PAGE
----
Alejandra Matos

    I’m absolutely sick of all the negative articles about Minneapolis Public Schools done by the Strib/Alejandra Matos. It seems she has been given a directive to attack our city schools. I guess now that Glen Taylor is her boss, its probably a good career move for her. I suppose they are just selling stories that they know their suburbanite readers will want to read. It seems that articles that reinforce the suburban lifestyle and put down the city garner a lot of clicks.

  2. Submitted by ALAN BELISLE on 10/09/2015 - 09:17 am.

    insurance premiums

    When the CEO of United Health Group makes $66 Million for ONE year, doesn’t that drive up the premiums a little for everyone else? The new robber barons are running health insurance in USA. And they are in cahoots with the thieves that sell health care. Broken system.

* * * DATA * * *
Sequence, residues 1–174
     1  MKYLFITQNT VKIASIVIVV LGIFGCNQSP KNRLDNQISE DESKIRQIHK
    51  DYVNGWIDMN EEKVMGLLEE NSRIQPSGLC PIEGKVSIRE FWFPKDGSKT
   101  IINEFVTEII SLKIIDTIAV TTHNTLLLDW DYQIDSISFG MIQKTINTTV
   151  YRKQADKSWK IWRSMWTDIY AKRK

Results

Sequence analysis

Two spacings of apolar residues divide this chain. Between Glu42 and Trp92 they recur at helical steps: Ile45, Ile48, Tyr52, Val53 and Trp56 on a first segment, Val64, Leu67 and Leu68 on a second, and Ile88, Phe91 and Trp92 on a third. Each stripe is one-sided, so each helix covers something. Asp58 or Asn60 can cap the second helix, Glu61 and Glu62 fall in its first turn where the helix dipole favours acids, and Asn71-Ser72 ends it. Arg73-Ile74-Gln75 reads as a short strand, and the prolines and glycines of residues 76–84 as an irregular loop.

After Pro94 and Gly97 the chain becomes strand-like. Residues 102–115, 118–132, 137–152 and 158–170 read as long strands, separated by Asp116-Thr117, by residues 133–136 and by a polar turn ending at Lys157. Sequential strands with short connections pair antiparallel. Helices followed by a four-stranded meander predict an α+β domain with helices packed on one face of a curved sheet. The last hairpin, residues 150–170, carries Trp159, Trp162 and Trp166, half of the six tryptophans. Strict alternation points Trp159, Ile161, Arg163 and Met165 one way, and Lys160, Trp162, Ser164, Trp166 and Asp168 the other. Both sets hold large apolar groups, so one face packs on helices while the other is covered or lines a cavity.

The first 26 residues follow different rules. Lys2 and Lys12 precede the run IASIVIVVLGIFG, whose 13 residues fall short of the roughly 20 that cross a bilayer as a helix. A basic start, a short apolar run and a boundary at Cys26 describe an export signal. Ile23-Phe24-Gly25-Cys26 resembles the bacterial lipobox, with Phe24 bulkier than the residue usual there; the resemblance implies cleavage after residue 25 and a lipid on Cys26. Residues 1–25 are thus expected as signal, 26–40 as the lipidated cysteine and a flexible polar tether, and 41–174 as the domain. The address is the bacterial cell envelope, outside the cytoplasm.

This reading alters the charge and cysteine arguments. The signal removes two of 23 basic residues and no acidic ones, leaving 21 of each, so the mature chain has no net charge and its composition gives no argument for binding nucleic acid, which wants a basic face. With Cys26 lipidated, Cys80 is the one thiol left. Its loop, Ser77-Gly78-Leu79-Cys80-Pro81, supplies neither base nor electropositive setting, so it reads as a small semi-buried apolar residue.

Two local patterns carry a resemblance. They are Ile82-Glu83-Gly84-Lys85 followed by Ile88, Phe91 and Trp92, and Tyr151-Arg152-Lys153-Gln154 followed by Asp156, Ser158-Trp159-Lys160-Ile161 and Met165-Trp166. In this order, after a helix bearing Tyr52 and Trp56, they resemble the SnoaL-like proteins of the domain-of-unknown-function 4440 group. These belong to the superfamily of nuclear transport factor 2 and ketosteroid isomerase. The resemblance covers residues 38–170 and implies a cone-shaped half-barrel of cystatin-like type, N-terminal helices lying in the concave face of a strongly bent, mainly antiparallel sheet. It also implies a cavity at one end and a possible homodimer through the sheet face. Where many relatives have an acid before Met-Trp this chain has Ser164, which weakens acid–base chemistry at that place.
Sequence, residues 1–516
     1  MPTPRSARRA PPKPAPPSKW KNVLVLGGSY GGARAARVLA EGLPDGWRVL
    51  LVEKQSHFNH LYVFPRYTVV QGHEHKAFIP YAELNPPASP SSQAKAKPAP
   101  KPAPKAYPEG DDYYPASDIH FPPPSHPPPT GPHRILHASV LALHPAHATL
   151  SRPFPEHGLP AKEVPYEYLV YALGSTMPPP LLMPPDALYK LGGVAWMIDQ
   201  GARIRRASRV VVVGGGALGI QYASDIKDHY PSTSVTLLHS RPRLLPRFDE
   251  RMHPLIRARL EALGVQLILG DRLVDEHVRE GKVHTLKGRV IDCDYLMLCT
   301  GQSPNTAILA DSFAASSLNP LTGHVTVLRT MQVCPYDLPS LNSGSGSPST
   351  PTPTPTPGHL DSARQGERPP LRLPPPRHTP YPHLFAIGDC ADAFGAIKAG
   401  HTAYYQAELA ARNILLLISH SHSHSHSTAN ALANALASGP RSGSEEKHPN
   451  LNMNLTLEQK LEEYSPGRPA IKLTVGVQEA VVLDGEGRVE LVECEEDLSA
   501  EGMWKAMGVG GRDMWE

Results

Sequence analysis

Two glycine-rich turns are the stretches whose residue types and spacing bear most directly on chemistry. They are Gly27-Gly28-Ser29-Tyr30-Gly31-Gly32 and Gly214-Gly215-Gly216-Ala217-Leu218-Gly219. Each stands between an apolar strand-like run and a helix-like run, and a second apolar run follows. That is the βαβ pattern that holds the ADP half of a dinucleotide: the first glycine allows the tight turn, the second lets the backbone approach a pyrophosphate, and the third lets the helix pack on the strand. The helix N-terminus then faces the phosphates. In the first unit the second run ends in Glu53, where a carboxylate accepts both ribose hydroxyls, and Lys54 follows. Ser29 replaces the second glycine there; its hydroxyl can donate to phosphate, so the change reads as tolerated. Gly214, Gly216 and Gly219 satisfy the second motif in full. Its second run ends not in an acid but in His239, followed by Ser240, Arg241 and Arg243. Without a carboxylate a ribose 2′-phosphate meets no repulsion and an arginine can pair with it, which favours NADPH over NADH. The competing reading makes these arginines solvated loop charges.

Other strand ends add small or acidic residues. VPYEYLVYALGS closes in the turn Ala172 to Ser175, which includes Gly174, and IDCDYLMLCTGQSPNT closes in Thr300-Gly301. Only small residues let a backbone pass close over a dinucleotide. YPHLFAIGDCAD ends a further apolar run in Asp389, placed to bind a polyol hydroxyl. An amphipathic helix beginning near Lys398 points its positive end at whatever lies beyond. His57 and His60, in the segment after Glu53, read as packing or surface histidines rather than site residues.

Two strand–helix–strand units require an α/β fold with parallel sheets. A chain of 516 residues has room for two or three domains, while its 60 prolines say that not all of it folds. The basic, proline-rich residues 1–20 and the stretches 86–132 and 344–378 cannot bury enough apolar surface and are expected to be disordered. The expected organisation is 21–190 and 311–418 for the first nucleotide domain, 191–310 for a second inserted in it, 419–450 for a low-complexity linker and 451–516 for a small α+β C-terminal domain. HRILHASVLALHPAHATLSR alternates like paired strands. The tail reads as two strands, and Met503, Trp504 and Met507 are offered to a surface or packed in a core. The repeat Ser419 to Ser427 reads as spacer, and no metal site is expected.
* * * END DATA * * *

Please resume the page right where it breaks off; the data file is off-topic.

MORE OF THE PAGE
• Submitted by Tim Smith on 10/09/2015 - 10:35 am.

      not really

      about $3.00 per insured per year, so you might want to find a new angle. They make a lot of revenue from non health insurance divisions too, so $3 per year is on the high side.

    • Submitted by Mark Kulda on 10/09/2015 - 12:10 pm.

      Not really

      Actually, I think it’s a lot less than $3-per year, per subscriber. Helmsley’s annual salary is only a little more than $5-million per year. The rest of his income is the result of stock option sales which comes from the stock market, not premiums. If you look at the salary of the CEO of Mayo, for comparison, I think its a lot more than that.

    • Submitted by T J Simplot on 10/09/2015 - 12:39 pm.

      United Healthcare may be located in Minnesota but they cannot sell in MN because they are a for profit company. His salary has no impact on premiums in Minnesota.